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Dog Days

Well, life got in the way of posting over these last weeks, so I’m picking up again with my July trip. Sorry that it qualifies now as a kind of blast from the past.

On Sunday, I drove to Guardiagrele to see Jilly and John and to meet their new dog, Doobry. They’d brought Doobry home just a week before from the Lanciano shelter, where he and two siblings had been tossed from a car window.

I was detoured en route due to a cheese rolling contest, which sounded like a hoot under the searing July sun.

Doobry is named for a character in a children’s story Jilly had written but never published back when she was teaching. It’s a shame, too, because the characters and idea behind it are original and imaginative. Maybe she’ll still do something with the story one day. It's for that reason that I didn't try to steal any of her artwork for this post.

The winning little Doobry has some naughty behaviors like chewing shoes and dragging his indulgent new parents out of bed and outside to watch the sunrise, only to snore his way through it while they sip their coffee.

Not that Jilly and John wouldn’t be up pretty close to the crack of dawn, anyway. They’d have to be early risers to get done all the things they get done. They’re very enterprising and I’m very envious. Practically self-sufficient are they, potting tomato plants in discarded kitchen appliances and competently pruning trees and canning preserves and making homemade wine and brandy from just about everything but compost. (At least I don't think it was compost.)

They sent me home with some tiny round plums, figs, and apricots from their trees, plus three herb plants for my own yard: rosemary, mint, and wild thyme. I planted them two days before I left; let’s hope they survive. The neighbors on one side who’ve come back from Toronto to get their house in selling condition (anyone want to move in next to me?) have kindly agreed to pour water on them periodically from their upstairs window (their only real access to my yard) in hopes the plants will survive till I get back there.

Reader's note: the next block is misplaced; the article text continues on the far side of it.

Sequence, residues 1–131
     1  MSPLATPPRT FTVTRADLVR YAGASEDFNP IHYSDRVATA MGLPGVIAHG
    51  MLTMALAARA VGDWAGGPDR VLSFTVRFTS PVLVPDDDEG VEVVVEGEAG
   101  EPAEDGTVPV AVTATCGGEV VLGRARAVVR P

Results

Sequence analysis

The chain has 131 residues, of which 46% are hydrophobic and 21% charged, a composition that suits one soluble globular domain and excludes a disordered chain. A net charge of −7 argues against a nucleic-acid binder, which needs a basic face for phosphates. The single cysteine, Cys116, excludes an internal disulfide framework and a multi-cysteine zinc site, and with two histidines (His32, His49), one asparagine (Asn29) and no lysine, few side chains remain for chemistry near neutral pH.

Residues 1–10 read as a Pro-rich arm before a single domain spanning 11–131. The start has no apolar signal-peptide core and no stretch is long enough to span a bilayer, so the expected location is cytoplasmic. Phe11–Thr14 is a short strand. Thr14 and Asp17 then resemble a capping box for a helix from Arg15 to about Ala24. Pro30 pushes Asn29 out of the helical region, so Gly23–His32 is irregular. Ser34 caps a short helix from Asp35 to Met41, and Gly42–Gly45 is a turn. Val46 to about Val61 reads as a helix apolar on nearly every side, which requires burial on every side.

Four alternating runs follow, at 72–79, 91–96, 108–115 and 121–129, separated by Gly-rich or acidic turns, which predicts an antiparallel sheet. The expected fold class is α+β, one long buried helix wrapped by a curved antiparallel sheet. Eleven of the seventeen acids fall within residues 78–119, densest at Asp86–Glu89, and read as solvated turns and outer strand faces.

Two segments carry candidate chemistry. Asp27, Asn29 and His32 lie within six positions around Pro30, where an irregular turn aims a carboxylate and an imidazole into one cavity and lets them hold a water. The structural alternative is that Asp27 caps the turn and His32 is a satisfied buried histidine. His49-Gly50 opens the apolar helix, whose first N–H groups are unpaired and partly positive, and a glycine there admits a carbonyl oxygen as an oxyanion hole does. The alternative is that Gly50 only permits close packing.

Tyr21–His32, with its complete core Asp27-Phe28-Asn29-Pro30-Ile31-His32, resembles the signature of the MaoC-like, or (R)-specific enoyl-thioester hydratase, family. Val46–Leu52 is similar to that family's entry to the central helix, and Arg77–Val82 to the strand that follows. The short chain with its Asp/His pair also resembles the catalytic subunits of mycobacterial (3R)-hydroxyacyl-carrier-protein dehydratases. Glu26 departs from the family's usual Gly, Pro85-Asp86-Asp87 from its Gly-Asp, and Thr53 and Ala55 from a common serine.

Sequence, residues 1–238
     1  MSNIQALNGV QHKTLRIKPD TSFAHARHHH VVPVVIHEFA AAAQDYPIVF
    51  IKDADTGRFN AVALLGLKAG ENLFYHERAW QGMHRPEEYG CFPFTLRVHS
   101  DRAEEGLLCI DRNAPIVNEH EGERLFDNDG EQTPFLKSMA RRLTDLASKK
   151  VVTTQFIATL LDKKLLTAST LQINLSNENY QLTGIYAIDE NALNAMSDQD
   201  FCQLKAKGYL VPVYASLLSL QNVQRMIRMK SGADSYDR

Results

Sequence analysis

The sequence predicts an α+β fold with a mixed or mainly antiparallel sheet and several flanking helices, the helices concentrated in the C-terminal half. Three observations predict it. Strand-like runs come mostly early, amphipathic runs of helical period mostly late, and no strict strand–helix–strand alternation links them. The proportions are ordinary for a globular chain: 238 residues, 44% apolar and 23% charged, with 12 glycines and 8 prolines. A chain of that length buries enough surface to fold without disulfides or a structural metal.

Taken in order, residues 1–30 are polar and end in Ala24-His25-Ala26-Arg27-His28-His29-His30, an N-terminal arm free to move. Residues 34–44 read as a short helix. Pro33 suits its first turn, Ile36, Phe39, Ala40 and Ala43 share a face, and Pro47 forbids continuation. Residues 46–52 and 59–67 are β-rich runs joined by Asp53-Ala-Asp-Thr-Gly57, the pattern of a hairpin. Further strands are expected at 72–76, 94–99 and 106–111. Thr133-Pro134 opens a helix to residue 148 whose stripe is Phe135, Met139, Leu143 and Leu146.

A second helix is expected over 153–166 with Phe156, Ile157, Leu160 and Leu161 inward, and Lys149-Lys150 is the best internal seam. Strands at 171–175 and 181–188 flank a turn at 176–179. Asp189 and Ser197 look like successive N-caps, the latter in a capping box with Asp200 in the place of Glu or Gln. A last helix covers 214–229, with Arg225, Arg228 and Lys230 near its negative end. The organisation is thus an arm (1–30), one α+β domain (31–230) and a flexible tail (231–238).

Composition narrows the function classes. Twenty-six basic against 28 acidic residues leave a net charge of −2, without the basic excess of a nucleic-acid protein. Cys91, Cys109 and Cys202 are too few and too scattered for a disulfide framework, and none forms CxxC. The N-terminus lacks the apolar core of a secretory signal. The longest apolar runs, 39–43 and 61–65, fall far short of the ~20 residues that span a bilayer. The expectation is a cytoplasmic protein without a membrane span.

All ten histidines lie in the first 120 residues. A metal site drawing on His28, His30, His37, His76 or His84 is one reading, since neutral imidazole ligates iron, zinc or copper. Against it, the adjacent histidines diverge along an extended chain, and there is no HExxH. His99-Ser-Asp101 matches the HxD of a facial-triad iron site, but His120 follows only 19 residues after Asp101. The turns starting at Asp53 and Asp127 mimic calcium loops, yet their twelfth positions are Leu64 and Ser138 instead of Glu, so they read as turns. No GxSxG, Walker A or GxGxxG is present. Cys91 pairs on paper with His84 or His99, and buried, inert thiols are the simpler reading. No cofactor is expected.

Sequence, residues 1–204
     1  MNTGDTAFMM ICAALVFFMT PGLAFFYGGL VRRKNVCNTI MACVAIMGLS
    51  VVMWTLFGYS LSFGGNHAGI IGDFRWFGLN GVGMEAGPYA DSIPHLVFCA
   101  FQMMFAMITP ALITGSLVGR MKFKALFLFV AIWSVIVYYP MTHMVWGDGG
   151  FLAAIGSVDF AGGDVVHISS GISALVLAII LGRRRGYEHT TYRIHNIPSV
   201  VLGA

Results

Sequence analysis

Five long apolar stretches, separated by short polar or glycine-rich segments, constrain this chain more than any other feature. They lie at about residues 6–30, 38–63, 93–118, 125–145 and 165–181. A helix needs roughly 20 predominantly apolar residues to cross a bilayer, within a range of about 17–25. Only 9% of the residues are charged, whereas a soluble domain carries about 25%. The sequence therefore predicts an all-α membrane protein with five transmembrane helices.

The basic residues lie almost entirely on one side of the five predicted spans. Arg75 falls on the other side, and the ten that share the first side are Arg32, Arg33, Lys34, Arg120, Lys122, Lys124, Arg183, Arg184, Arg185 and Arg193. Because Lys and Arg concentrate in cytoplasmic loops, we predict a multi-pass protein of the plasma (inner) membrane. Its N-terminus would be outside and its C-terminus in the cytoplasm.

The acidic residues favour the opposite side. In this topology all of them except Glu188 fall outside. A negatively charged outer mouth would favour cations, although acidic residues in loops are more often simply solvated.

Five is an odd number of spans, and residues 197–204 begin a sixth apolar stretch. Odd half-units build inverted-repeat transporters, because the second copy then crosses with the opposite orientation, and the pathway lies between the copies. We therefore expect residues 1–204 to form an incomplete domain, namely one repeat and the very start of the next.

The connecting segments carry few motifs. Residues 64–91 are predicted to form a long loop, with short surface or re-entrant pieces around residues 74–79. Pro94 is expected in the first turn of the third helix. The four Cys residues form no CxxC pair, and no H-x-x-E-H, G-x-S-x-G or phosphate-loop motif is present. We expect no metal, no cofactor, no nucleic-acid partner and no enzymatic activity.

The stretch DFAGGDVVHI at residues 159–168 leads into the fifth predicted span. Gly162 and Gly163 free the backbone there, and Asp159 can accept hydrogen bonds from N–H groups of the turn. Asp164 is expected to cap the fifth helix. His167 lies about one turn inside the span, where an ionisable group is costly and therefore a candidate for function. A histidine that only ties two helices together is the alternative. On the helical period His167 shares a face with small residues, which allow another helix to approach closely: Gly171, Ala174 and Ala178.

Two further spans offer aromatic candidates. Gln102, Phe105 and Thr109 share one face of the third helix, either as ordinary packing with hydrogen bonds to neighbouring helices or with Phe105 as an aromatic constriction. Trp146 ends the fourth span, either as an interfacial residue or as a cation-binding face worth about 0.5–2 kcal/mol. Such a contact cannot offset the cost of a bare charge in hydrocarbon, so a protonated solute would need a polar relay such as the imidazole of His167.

Speaking of surviving…

After lunch with J&J, I spent a good bit of Sunday trying to help a disoriented dog I’d seen heading toward me in the middle of a busy state road. He was poodle-ish and white, very dirty and matted, and seemed to have trouble with his eyes. I couldn’t get too good a look at him because I was trying to navigate traffic myself. I turned around and found him running through Castelfrentano on SS84 toward Guardiagrele. I got ahead of him, parked, and called to him — as did another woman, I might add — but he dodged us both and kept running. I got back in the car after fruitlessly trying to reach someone at the Lanciano shelter (or canile) and found him again sitting in the shade near a roadside restaurant. The carabinieri station wasn't far, so I headed there and reported the whole situation to an officer who seemed sympathetic. I told him there was no response at the Lanciano canile, and he said they don’t typically come out to pick up animals, anyway. They must be brought there. Moreover, the shelter would be closed by now, it being Sunday evening. The officer said he would look for the dog I described in the environs the next day when the canile was open again and would take him there if he could.

On my way home, I passed the spot where I’d last seen the poor creature, and he was gone. Over the next days, I went back four times to Castelfrentano to find him, armed with fresh meat from the butcher, but saw no sign of him. Despite what I know of Italians’ relationship with animals, I half-believed the officer had acted because I so very much wanted to believe it. On the way home, I did find a big black dog sitting in a car parts lot where a guy was about to close up the gates. I asked if I could go in and leave the dog some meat (the chopped sirloin I’d bought for the white dog was sitting in the back seat). He said okay, as long as it wasn’t poisoned.